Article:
The following is from our Chaplain in Brookwood, FL, Eddie Santana:
Now that the winter months are upon us, we will all notice certain changes in the behaviors of a lot of our residents, at least I have, especially given the new time change which occurred this past weekend. The nights are longer and the cold weather will hinder many of the residents, as well as our stakeholders from enjoying the beautiful outdoors.
What seems to occur is a sense of sadness that often times leads to anxiety and depression. Its a common thing for many during this season to experience what is called the winter blues. Below you will find a therapy that I found helpful in assisting residents and stakeholders who are facing this type of symptom. I myself have used it and found it very helpful. Hope you do too.
“The Spiritual Benefits of Eternal Light Therapy.”
Several months ago I read an interesting article about SAD. SAD stands for “seasonal affective disorder,” which is a medical condition similar to depression, except that it manifests itself only during the winter months. In colloquial terms you might call it “the wintertime blues.”
SAD, unfortunately, has existed for a long time, but it was first identified as a medical condition back in the 1980’s, by people like Dr. Norman Rosenthal, who’s a clinical professor of psychiatry at Georgetown University.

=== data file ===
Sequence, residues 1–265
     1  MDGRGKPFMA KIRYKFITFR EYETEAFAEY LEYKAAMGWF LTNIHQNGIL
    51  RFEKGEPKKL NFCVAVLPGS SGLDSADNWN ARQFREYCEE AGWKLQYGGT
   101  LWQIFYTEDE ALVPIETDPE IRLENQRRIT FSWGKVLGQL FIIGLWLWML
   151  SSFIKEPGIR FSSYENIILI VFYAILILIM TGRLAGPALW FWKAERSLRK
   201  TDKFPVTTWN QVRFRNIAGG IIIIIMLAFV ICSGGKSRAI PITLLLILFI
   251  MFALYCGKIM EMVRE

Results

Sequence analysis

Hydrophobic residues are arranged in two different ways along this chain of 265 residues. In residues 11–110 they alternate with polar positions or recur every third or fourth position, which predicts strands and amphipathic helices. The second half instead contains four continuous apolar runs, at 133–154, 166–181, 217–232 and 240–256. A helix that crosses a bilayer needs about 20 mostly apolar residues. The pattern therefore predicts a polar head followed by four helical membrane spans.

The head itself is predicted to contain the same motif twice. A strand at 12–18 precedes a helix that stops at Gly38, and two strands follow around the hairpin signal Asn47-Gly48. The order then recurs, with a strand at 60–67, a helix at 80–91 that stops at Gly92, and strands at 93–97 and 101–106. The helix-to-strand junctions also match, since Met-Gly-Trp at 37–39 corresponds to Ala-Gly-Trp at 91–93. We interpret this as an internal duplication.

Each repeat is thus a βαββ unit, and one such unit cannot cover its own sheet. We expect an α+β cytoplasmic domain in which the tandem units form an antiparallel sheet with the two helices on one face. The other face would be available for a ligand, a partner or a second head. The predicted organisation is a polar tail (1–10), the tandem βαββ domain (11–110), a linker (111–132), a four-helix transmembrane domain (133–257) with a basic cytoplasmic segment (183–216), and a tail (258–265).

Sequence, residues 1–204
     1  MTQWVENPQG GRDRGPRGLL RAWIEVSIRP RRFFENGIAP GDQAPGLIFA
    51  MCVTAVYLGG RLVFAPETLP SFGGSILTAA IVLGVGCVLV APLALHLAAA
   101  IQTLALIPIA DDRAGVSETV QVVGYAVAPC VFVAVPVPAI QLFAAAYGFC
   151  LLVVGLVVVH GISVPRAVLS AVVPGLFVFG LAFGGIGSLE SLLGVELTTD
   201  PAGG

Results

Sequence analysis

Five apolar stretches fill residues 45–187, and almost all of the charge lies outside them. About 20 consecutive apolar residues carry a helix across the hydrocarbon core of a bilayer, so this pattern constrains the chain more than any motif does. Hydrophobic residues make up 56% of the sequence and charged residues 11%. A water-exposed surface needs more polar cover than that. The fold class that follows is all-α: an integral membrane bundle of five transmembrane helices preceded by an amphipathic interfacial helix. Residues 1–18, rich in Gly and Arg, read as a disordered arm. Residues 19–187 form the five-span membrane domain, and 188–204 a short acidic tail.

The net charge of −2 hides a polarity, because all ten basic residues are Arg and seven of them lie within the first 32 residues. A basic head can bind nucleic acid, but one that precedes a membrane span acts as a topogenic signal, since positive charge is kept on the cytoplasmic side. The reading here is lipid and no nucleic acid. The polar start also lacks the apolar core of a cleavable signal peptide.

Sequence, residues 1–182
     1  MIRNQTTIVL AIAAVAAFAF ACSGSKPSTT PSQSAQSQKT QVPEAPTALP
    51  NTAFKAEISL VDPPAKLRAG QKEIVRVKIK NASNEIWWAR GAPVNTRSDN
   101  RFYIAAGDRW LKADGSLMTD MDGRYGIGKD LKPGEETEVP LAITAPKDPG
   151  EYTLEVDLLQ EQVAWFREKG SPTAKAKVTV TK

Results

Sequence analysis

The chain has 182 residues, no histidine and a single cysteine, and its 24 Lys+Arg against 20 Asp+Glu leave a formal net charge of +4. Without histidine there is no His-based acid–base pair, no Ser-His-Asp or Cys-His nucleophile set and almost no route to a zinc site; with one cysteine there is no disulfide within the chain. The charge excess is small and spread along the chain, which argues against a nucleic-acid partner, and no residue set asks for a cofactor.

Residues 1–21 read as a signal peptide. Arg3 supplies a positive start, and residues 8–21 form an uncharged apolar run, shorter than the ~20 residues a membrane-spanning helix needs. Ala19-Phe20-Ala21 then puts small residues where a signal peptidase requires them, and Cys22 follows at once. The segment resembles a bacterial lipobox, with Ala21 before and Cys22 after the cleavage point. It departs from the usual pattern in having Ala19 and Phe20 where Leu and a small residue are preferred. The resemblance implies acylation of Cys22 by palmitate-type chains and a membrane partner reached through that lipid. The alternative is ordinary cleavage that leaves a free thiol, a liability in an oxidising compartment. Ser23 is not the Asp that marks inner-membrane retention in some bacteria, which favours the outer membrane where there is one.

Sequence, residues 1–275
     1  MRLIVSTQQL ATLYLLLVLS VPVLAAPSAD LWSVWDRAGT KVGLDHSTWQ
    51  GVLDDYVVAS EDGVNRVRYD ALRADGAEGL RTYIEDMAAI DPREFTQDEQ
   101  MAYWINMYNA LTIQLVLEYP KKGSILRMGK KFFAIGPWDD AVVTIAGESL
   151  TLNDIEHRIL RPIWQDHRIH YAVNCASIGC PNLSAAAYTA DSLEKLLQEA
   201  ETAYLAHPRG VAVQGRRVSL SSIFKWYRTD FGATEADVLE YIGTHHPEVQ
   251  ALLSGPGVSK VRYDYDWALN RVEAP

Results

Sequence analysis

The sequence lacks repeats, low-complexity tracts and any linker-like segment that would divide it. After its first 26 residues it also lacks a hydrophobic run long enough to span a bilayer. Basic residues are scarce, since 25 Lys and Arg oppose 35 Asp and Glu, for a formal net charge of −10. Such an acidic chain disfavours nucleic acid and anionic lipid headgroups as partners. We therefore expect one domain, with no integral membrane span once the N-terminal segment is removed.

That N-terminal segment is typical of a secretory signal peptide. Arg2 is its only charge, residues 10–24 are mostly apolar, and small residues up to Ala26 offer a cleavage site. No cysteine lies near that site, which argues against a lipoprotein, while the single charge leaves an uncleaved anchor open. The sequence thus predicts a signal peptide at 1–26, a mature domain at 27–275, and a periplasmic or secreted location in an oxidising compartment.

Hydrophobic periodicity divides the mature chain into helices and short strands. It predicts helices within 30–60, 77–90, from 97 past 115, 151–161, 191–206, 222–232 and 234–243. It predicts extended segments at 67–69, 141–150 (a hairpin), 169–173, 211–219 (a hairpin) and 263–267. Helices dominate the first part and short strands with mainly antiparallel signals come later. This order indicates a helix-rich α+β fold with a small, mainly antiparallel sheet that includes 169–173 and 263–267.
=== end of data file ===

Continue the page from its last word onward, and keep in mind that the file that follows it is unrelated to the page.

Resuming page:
Is there any hope for people who may be suffering from this emotional disorder? The good news is, yes. As Rosenthal and his colleagues have discovered, there is something which is highly effective in battling it. It’s called “light therapy.”
Listen now to 3 paragraphs from this article on SAD. There are some very important insights here:
“The exact mechanism by which light affects mood is unknown. Dr. Rosenthal believes that when light stimuli are carried to the brain, they may stimulate or suppress the levels of certain brain chemicals. But regardless of how it works, he says the key to treating SAD is getting more light.
‘First and foremost, bring more light into your life,’ he says, ‘This can be done naturally by getting outdoors on a bright winter day or by bringing in more lamps. The light can be just general ways of lighting up the room, but there are some specific light boxes or light fixtures that have been specifically produced to deliver the amount of light that has been used in research studies that have been shown to be effective.’
Typical light therapy involves sitting in front of a lamp for an hour or so every day. Dr. Rosenthal says most patients will see the benefits from this therapy within a week. The benefits will remain as long as they use the light; but as soon as they stop, the old symptoms of sluggishness and depression can return relatively quickly.”
Eddie Santana,Director of Spirituality